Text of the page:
Jakob Barry is a home improvement journalist for Networx.com. He blogs about eco-friendly kitchen topics for pros across the U.S. 

7 comments:

  1. Heya, this is an interesting post and I would like to know more. You've mentioned 'a number of studies' do you have some sources on hand?

    Cheers,

    Grant

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    1. This comment has been removed by a blog administrator.

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    2. Hi,
      One of the major studies was done by the Environmental Working Group:
      http://www.ewg.org/release/major-study-teflon-chemical-people-suggests-harm-immune-system-liver-thyroid
      Cheers,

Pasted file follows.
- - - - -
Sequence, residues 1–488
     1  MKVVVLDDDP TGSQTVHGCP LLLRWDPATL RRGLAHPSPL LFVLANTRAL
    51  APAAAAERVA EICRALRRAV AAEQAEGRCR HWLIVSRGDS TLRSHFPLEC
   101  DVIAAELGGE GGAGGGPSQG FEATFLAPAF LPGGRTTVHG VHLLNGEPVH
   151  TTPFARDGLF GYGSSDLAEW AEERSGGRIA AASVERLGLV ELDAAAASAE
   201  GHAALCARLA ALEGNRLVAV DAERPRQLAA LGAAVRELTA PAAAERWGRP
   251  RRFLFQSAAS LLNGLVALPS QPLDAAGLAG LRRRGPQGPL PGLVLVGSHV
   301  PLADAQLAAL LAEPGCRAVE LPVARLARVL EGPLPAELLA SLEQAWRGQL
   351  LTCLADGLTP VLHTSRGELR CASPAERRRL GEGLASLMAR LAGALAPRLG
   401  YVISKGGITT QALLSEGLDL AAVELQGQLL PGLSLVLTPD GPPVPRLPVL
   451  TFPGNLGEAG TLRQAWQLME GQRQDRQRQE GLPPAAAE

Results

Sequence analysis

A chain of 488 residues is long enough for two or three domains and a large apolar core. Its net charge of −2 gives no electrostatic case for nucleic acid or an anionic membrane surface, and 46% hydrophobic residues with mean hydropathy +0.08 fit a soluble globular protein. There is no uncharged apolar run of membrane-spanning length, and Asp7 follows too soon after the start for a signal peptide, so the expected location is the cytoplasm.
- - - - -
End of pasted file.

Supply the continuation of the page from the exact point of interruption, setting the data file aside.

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    3. Thanks for the reply Jakob, your initial post was quite thought provoking and I've been thinking about this a bit lately. After reading your link posted 28/01 I think I would err on the side of caution with Teflon coated cookware and probably not buy it in the future.

      I also found the below wikipedia article (and related footnoted sources) worth a read. You could potentially play it safe by monitoring the temperatures you allow your cookware to reach, but the amount of variables (quality of the product, faulty products, preheating before cooking conditions etc) to consider are probably too many to ensure a truly safe product.

      http://en.wikipedia.org/wiki/Teflon#Safety

      Thanks again, it was a worthwhile read!

      Grant

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    4. Thanks Grant,
      You're right; it's all about using with caution when that's all that's available and whenever possible trying something else. Here's to healthy cooking!

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  2. Do not use glassware on the stovetop unless the manufacturer specifically condones it!